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Notre Dame Football: Most Challenging Opponents on Irish's 2014 Schedule

Notre Dame coach Brian Kelly runs onto the field with his team  prior to a in a NCAA college football game with Michigan State Saturday Sept. 21, 2013 in South Bend, Ind. (AP Photo/Joe Raymond)
JOE RAYMOND/Associated Press
Connor KillorenSenior Analyst IJune 14, 2016

One fact will always remain a constant: It'll never be easy.

Such is the case for the Notre Dame football program, as the Irish are tasked with what should be considered one of the nation's most brutal schedules on an annual basis.

The Irish's 2013 season was no different, as they finished with the nation's 30th-ranked schedule, as rated by Jeff Sagarin. But, as should be expected, 2014 won't be any different. In fact, it may be even more of a treacherous journey, one that begins with a home opener against Rice on Aug. 30.

Which opposing teams have led fans and media pundits alike to grimace at that 2014 slate?

For starters, let's begin with the defending national champions.

For the full Notre Dame schedule for 2014, click here.

 

Florida State

Like Notre Dame, the Seminoles were mired in mediocrity for the better part of the 2000s. Their 2012 season marked a proposed "return to glory," as head coach Jimbo Fisher and Co. finished 12-2 after a 31-10 Orange Bowl victory against Northern Illinois.

Yet it was 2013 that truly restored the program's proud championship tradition.

David J. Phillip/Associated Press

The Seminoles ran the table en route to the final BCS National Championship Game, in which they defeated the Auburn Tigers, 34-31, in dramatic fashion.

The player who spearheaded the championship season—quarterback Jameis Winstonwon the Heisman Trophy along the way and will return for the 2014 season. Despite his return, Florida State will be tasked with replacing four early entries to the NFL draft: running backs Devonta Freeman and James Wilder Jr., receiver Kelvin Benjamin and defensive tackle Timmy Jernigan.

The Seminoles also lost defensive coordinator Jeremy Pruitt, who left to take the same position at Georgia. Linebackers coach Charles Kelly was chosen to replace him, although how fluid that transition remains to be seen.

 

Stanford

If you're not accustomed to Stanford being one of Notre Dame's toughest opponents on an annual basis, you need to acquaint yourself.

The Cardinal aren't going anywhere, and their ongoing success since former head coach Jim Harbaugh left to coach the San Francisco 49ers hasn't been a fluke.

Danny Moloshok/Associated Press

In that span, Stanford has been to three consecutive BCS bowl games, including two appearances in the Rose Bowl.

But if there is one reason to believe that streak may be in danger, it would be the departure of defensive coordinator Derek Mason, who recently accepted the Vanderbilt head coaching job. He had been with Stanford since the 2010 season and served as the Cardinal's associate head coach and defensive coordinator in each of the past two seasons.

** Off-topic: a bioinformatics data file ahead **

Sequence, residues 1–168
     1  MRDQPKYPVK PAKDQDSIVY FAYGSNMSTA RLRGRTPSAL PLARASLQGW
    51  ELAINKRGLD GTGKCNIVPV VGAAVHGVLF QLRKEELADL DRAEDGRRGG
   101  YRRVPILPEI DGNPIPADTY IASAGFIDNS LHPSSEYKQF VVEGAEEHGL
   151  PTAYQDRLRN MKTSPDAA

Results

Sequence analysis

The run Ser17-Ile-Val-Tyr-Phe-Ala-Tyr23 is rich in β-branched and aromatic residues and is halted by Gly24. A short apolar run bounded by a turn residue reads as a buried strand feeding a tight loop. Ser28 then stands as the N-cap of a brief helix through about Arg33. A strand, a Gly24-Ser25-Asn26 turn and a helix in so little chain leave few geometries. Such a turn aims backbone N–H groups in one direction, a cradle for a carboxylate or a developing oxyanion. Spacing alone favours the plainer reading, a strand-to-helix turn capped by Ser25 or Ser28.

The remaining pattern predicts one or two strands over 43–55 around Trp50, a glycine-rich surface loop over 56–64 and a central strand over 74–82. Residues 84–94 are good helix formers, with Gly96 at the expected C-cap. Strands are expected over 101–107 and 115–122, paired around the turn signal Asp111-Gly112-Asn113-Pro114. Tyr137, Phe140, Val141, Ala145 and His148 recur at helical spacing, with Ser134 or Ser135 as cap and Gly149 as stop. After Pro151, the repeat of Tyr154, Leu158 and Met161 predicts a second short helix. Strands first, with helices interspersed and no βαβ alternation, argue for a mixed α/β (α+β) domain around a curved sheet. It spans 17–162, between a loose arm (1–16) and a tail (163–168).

Coupled with the defections of defensive end Trent Murphy and offensive guard David Yankey, the Cardinal may be in for a season of transition.

But with the program's excellent recruiting efforts during the past few seasons, don't expect any sort of a precipitous drop-off.

 

USC

Following Lane Kiffin's messy departure from USC, it was rather expected that the Trojans would be in for a rough go of things heading forward.

However, interim head coach Ed Orgeron guided the program to a surprising 10-4 record and a 45-20 victory against Fresno State in the Las Vegas Bowl.

David Cleveland/Associated Press

While there was an outpouring of support for Orgeron to be named the head coach, athletic director Pat Haden chose to make an outside hire in Washington head coach and former USC assistant Steve Sarkisian.

Having directed the explosive, dynamic USC offenses of the early to mid-2000s with former head coach Pete Carroll, Sarkisian may prove to be a seamless transition, particularly with the wealth of talent on the offensive side of the ball.

Sure, the Trojans lost Marqise Lee to the NFL draft, but they still possess the services of receiver Nelson Agholor, quarterback Cody Kessler and a deep, experienced offensive line. That unit alone should lead USC to a number of victories, though the team needs to continue its excellent defensive play to reach the upper echelon of college football.

The Trojans finished the 2013 season with the nation's 15th-ranked rushing defense, 14th-ranked passing efficiency defense and 13th-ranked total defense.

Should those rankings persist in 2014, USC may very well be a legitimate national championship contender.

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